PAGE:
Yehuda Burstein is the one who continued to be active after I left my family in 1928. He activated the next generation in all fields of Zionist activity.

The Youth Movements in Miechów

by Ze'ev Dror (Friedrich)

Translated by Selwyn Rose

The Youth Movements in Miechów were populated by young people who learned in two schools: “Mizrachi” and “Torah Foundation” – a foundation of “Agudat Yisroel”. These two schools were different in their approach and mentality of learning, but in both of them was a fundamental Jewish education which took root and blossomed in the youth movements

The training in carpentry under the tutelage of Ya'acov Spiegel was the first sign of the organization of youngsters in town. That seed was enthusiastic in its devotion to the idea of productivity and even sent a few members for agricultural training but didn't continue for long; that generation has still not been trained. Yitzhak Sheinfrucht (Z”L), and spared for a long life Yehuda Burstein, who were the living souls of that organization, and were afterwards activists in the youth movements, lecturing on the problems of Zionism and Judaism and their influence on all the youth streams was significant.

[Page 103]

The “National Guard” was founded in 1928 by graduates of “Mizrachi” who had gone to Warsaw to study at the “Takhmoni” school. In that Movement there were already all the attributes that typified the youth movements in those days: uniforms, flags, scouting activities, ceremonies on festivals and Zionist events, the obligation of fulfilment, and so on. We recall with honor from among its founders: the brilliant Yona Blatt, Yehuda Zalmanowitz, who loved the quiet of academia rather than the stereotyped manners of scout ceremonial, Getzil Lewit, with a popular and practical approach always hewing to the point, and spared for a long life the impulsive Meyer Fogel, full of life and inventiveness, Ze'ev Dror, the “ideologue”, and also Yehezkiel Dror the most active of them all, who was dedicated to the Movement, bearing the yoke of responsibility for the cell and even the first to go for training and immigrate to Palestine. For years Yehezkiel was the group secretary and activist, delegating staff–positions and directing the activity of everyone.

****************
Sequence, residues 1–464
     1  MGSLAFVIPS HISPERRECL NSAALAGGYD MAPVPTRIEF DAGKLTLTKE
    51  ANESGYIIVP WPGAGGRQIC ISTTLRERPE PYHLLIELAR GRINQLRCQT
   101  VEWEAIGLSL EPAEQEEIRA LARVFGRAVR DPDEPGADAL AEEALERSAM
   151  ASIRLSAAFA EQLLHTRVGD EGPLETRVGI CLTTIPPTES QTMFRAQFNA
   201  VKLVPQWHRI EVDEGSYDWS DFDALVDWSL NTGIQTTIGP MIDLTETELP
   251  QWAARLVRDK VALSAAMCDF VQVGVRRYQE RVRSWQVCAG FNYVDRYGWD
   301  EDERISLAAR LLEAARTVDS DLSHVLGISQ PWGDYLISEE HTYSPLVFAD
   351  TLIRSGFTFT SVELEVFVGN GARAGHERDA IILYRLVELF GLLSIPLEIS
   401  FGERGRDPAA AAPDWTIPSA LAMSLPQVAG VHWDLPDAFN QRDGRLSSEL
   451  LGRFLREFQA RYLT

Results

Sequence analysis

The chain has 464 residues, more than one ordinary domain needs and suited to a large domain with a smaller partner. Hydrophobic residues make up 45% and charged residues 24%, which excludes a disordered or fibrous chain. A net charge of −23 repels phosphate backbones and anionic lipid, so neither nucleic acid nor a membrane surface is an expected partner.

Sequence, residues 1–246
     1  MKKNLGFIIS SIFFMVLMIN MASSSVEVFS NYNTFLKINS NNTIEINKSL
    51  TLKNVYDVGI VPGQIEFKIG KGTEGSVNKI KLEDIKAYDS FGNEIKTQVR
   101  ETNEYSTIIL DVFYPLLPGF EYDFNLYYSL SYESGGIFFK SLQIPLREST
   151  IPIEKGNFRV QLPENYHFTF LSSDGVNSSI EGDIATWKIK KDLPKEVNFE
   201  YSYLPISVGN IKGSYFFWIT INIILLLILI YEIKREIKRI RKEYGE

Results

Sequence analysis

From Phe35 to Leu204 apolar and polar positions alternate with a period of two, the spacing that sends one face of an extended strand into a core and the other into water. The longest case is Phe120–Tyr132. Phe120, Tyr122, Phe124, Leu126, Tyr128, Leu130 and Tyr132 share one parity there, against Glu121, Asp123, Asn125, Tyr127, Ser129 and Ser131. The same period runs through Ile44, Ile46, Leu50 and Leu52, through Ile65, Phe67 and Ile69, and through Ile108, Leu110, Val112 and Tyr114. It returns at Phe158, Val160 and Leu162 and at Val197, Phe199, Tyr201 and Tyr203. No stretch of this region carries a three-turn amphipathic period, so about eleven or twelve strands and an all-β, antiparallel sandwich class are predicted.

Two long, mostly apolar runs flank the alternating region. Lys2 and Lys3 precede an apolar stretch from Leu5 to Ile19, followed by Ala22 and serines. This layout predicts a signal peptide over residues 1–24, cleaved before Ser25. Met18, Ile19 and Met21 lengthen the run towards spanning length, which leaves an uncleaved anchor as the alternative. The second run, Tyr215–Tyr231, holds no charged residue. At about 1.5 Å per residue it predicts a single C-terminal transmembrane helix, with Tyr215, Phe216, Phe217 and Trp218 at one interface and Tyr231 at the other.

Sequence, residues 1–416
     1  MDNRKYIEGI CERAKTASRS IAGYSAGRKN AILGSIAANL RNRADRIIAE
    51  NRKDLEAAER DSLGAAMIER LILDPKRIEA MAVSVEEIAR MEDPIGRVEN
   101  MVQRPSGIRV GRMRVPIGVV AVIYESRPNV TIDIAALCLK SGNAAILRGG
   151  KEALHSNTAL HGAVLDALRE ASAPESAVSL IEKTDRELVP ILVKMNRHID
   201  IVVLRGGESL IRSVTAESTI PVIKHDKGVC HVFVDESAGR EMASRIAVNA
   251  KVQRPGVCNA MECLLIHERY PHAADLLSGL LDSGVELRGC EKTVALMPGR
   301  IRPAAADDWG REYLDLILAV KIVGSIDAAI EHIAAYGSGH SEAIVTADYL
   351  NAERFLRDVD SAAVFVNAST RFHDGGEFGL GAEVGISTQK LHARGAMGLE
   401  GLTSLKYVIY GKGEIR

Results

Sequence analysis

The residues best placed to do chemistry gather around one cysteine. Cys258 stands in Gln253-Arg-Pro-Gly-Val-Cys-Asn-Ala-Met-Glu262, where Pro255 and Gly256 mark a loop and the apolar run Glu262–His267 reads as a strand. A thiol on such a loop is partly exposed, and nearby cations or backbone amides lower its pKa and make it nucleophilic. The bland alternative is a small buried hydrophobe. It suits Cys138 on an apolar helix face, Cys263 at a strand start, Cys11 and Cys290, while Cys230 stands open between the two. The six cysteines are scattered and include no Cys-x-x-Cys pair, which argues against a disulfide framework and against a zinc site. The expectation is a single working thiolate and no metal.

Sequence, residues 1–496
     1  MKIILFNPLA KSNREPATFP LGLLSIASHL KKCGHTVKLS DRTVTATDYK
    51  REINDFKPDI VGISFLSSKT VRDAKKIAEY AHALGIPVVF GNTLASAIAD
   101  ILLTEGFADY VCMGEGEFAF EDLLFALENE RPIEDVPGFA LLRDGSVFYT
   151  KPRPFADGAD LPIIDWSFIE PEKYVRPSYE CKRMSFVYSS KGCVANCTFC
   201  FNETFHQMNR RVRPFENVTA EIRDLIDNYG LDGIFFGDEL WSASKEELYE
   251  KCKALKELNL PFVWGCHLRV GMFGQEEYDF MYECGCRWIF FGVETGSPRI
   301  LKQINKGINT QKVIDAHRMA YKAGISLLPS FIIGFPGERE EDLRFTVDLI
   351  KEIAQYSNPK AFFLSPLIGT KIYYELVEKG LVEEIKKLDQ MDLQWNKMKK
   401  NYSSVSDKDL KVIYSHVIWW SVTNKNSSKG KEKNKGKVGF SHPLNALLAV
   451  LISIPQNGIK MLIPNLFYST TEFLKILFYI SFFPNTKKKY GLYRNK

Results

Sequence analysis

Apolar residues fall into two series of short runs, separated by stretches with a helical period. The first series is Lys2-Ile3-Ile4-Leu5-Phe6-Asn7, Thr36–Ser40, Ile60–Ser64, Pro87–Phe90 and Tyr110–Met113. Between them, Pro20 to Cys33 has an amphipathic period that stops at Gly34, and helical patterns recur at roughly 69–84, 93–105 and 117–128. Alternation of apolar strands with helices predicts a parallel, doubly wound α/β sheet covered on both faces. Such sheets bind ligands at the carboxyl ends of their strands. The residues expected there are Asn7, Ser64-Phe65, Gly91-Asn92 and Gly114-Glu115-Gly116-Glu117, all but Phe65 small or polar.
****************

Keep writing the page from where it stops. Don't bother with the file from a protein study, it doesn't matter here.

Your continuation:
With the “changing of the guard” came Elimelech Friedrich, (Z”L), Haim Isskowitz, (Z”L), Moshe Pinchowsky (Z”L) and Esther Sheinfrucht, (Z”L), all of whom perished. Even though they were all very different types from beginning to end, what united them all was the enthusiasm for the interests of the Movement and their total dedication to the work. Each and every one of them was graced with some special quality: Elimelech with his intellect, Haim with his leaning to scouting, “order” and “militarism” (an ex–army officer), Moshe with his practicality and dedication to his aims and Esther with her essential vitality and sensitivity to the life of the cell: everyone loved her warm smile and her relationship with people. The cell represented content and the center of life for the young people. It directed their energy towards Zionism and their entire life became a foretaste of the future reality in the Land of Israel. Much of the happiness of life and their freshness would have been stifled had it not been for the attraction of that distant world on the youngsters, beyond the palpable reality of the Diaspora.